We have been sold a story that goes like this: spend more on weapons, get more peace. But a strong government with an overpowering military didn't stop Luke Skywalker from joining the Rebel Alliance and launching an attack against the Death Star. It didn't stop Katniss from defying the Capitol. And it didn't stop Harry Potter and Dumbledore's Army from opposing the corrupt Ministry of Magic. La Résistance is an incredibly common trope.
Deterrence theory suggests that military strategy should entail more than just winning the war: it should deter conflict in the first place. By having a bigger military--a "bigger stick," if you will--you can avoid attacks because your opponent knows the damage they will incur in a fight is likely too big a price to pay. Typically applied to nuclear war, it certainly seems logical when dealing with certain actors--rational governments may avoid war with those who have nuclear bombs. Even in this context though, it is losing favor.
The problem is that a strong military force is not effective against powerful ideas, especially against those who feel they have little to lose. Terrorists, particularly those willing to lose their lives committing acts of atrocity, have committed to an ideal much larger than law, and no supply of gunpowder or drones will deter them. In 2001, the United States had 10,491 nuclear weapons and arguably the strongest military in the world. That didn't deter the 9/11 hijackers. France had the fifth-highest military expenditure in the world in 2014, spending $62.3 billion, but in 2015 was the target of three separate, horrific terrorist attacks.
The men and women in our military branches do a great deal to protect our country and defend our ideals around the world, but they cannot wield a gun with one hand and offer democracy with the other. As we've learned from Afghanistan and Iraq, democracy and self-governance are ideals and values that can only be upheld by the people themselves, not by the sitting occupation of a foreign entity. Military power cannot be relied upon to prevent terrorism.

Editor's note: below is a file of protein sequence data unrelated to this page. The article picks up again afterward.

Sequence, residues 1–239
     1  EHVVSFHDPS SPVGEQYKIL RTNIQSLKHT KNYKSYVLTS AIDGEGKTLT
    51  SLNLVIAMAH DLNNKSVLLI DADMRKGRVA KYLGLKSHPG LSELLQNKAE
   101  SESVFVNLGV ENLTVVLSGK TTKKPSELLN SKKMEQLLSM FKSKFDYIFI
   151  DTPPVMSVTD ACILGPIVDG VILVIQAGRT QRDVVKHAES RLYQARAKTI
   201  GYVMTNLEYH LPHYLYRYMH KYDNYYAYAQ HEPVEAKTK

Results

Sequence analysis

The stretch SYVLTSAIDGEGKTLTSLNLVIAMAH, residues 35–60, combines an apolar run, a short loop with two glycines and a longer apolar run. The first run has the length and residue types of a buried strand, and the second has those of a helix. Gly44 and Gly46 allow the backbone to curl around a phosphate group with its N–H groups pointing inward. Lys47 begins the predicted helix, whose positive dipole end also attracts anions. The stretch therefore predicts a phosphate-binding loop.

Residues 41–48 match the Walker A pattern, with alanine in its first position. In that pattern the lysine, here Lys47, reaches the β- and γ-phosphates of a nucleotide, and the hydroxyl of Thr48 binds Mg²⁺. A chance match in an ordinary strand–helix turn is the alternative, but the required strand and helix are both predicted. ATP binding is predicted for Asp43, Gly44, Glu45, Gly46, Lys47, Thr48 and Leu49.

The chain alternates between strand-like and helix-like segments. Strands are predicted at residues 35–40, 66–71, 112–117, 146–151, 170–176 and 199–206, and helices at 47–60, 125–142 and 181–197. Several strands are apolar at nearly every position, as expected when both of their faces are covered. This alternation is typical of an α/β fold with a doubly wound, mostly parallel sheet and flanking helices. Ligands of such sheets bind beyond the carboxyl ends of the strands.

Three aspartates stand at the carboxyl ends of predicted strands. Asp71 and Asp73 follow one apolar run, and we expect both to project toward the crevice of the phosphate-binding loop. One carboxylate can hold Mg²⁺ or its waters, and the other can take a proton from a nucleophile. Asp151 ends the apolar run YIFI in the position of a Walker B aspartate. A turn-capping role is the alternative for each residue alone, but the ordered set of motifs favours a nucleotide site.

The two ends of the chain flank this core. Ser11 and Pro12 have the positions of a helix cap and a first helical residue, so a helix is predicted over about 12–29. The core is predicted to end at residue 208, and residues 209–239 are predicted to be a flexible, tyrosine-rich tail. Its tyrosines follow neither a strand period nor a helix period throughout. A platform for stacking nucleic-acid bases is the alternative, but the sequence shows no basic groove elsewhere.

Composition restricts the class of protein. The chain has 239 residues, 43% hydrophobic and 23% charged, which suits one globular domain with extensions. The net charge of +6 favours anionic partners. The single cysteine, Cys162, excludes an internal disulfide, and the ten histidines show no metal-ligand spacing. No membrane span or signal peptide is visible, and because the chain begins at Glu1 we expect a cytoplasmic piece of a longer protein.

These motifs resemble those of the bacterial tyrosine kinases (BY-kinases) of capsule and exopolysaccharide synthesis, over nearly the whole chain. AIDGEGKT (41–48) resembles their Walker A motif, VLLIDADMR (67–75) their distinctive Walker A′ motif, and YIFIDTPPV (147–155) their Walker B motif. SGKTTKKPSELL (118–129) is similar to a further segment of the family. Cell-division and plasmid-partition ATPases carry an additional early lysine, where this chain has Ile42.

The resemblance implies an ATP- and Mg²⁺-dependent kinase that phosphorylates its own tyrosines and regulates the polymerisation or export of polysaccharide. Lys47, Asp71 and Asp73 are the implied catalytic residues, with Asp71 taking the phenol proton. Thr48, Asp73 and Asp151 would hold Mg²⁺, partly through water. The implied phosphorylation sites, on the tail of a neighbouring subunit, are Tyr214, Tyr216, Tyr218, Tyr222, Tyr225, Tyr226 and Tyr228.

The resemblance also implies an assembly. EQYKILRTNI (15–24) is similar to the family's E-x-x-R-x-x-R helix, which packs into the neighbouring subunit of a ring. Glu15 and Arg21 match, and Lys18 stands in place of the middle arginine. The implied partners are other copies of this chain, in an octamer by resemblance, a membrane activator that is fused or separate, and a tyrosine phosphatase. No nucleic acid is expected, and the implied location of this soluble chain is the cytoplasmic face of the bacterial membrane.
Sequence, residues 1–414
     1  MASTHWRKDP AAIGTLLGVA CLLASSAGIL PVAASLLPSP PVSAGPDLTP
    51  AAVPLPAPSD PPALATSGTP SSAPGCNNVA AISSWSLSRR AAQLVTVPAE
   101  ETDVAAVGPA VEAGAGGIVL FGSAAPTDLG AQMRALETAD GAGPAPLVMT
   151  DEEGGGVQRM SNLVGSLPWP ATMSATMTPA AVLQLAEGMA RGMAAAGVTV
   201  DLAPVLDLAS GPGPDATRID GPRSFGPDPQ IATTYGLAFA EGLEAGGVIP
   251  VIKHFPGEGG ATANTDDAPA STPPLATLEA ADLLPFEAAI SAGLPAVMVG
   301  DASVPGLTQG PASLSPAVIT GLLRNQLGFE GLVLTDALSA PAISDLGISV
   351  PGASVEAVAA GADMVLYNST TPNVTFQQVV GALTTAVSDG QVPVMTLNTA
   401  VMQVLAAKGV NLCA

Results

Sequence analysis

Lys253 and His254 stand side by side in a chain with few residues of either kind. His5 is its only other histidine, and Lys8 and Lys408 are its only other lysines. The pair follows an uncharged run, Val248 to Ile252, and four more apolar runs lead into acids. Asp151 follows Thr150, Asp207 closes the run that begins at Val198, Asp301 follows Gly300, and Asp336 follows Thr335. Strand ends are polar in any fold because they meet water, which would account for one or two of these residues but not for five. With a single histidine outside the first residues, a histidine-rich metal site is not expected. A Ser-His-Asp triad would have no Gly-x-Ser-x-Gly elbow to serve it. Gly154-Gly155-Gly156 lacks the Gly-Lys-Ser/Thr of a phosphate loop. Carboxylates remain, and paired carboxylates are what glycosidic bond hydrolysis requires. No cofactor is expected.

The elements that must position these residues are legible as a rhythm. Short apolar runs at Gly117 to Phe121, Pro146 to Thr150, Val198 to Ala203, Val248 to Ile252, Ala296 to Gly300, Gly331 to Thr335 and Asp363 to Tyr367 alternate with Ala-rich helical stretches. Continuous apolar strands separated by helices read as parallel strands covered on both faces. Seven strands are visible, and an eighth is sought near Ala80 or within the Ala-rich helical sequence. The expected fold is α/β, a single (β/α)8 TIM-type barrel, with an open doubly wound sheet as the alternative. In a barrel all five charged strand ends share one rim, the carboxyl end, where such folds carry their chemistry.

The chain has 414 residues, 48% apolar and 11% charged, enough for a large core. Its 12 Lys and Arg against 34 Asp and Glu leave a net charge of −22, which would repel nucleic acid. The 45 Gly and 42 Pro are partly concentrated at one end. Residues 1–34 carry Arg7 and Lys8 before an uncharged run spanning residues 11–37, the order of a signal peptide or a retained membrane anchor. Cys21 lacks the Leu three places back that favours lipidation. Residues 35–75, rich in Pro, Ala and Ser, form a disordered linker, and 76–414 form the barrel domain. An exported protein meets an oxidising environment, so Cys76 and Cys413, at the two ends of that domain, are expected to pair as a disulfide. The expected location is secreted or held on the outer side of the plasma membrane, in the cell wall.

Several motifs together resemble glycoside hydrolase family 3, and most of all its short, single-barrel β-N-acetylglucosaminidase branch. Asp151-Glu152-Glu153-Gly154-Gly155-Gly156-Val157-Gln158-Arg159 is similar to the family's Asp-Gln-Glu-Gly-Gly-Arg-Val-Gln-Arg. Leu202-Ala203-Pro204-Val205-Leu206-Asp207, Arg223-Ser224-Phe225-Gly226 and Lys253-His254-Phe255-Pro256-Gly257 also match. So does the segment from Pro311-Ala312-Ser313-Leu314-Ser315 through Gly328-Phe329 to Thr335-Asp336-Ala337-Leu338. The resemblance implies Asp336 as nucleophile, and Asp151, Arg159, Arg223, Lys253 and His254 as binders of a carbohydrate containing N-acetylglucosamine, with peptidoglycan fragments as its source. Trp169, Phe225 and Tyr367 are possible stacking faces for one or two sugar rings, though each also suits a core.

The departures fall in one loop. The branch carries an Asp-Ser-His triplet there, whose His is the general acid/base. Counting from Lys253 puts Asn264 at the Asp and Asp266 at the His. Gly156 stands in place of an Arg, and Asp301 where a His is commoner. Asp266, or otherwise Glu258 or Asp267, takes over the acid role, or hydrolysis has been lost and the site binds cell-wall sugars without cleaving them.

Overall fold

If the intelligence and military powers of the US and Europe can’t prevent terrorism, what the hell are we, as individuals, supposed to do? Honestly, attempting to follow the news is exhausting and stressful enough as it is.
However, I submit to you that in a war between democracy and terrorism, we have the power to fight on a side of our choosing.
The terrorists in Paris were members of our own Western society, embittered by our luxuries--leisurely dinners and rock concerts--while their comrades took up arms for a cause they were willing to die for. They see themselves as part of a Rebel Alliance, fighting against the Imperial forces who promote sinful practices. I cannot claim to understand their ideology, but they attract the disenfranchised and disaffected, luring them with promises of a utopia practicing a more “moral” lifestyle.
Don’t we all want to be part of something bigger than ourselves? Instead of ostracizing our ethnic and religious minorities, we can embrace them, try to understand them, and promote our own morality and messages of peace, democracy, and equality.
ISIS recruits through Twitter. I may suck at social media, but I can try to embody the values of democracy, tolerance, and freedom I care about. I can strive to understand more about the conflict by reading articles, try to see things from a Syrian refugee's perspective, make friends with someone whose viewpoint is different from my own, write letters to my congressperson, donate to a cause, or any number of things to promote the ideals that ISIS threatens: democracy, freedom, women's rights, education, free speech, etc. This is not a battle of arms; it's a battle of ideas.
I prescribe nothing except thoughtful action. I cannot tell you the best approach. In a complex world, there are no easy answers. But the military cannot solve this problem--only we can.